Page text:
Health experts have known for years that the consumption of red meat raises a person's cancer risk. But what they haven't known is why. Until now. Contrary to what some researchers previously thought, it's not the fat in red meat that increases cancer risk. Nor is it the cholesterol. And it's not the way we grill our burgers and steak. It's the sugar.

Researchers at the University of California, San Diego recently revealed in a study that the reason red meat is linked to higher cancer risk is that it contains a sugar molecule — specifically Neu5Gc — that is not natural in the human body. When our immune system spots this sugar molecule, it attacks it, and it is the inflammation from this attack that over time and continued exposure, raises a person's lifetime risk for cancer.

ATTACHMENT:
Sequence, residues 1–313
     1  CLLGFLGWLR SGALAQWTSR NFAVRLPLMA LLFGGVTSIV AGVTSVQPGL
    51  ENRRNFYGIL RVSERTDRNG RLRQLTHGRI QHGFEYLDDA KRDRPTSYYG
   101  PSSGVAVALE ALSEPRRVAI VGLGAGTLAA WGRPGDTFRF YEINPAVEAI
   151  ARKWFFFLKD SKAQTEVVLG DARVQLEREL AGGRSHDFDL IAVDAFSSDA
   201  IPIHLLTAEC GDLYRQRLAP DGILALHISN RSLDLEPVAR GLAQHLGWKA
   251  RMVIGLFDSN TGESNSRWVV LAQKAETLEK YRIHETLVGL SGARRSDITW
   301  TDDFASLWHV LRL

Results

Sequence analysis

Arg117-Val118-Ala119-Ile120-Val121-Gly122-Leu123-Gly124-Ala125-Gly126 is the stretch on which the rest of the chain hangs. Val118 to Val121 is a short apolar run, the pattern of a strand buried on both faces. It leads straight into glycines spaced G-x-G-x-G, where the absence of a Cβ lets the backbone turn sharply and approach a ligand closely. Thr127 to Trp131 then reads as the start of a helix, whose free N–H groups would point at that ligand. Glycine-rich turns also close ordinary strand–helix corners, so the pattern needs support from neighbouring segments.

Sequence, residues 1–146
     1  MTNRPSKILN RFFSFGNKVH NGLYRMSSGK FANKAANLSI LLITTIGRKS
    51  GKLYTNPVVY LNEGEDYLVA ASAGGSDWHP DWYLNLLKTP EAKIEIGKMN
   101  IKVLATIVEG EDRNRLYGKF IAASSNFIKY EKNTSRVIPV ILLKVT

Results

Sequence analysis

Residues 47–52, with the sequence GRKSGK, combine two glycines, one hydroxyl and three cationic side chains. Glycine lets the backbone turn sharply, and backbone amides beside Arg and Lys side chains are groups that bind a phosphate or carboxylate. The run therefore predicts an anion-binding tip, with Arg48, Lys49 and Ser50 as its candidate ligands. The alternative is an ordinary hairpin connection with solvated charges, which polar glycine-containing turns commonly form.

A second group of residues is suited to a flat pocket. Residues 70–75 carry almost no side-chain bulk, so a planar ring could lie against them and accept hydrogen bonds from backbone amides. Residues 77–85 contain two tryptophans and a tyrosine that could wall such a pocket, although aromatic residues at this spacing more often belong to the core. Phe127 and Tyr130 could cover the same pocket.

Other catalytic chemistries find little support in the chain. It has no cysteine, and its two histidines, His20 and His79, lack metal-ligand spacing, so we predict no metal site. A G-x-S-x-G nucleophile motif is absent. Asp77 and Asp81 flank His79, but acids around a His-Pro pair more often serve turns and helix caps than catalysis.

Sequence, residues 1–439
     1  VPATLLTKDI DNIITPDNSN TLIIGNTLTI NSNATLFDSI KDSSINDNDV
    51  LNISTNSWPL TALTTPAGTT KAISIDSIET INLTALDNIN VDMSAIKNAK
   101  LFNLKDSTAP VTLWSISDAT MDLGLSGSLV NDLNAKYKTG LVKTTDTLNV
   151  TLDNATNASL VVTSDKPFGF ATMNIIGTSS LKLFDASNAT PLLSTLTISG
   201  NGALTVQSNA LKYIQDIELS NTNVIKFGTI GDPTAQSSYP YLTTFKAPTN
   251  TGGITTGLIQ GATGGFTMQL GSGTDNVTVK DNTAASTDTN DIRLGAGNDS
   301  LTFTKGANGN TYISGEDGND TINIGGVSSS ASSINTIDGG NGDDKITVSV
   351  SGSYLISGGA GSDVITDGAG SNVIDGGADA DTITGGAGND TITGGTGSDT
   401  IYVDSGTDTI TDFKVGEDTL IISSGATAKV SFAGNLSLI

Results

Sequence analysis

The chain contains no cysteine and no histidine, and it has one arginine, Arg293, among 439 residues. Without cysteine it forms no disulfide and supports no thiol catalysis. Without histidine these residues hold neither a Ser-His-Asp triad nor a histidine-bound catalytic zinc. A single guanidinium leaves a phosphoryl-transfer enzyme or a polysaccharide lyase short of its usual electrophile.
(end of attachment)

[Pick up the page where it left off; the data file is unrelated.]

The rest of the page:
What's more, Neu5Gc is found in beef, pork, lamb and bison. But it's not found in chicken or fish — two sources of meat that are not linked to an increased cancer risk. It is, however found in fish eggs (caviar,) as well as whole milk and certain cheeses.

Previously, health experts believed that it was the grilling of red meat that led to the increase in cancer risk. But researchers couldn't understand why grilling chicken and fish did not also lead to an increased risk. Now, they have a better understanding of why.

Dr. Ajit Varki, the lead author of the study, said the Neu5Gc phenomenon is unprecedented. Varki said Neu5Gc plays the role of “gasoline on the fire” — it does not directly cause cancer, but it does boost the risk for the disease. 

So, should you stop eating red meat? Varki doesn't think so. He recommends using moderation when choosing red meat and limiting consumption to two or three servings per week. 

The study was published in the Proceedings of the National Academy of Sciences.

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Why red meat raises your cancer risk
And it's the not the grilled meat theory either. It has to do with a special sugar molecule.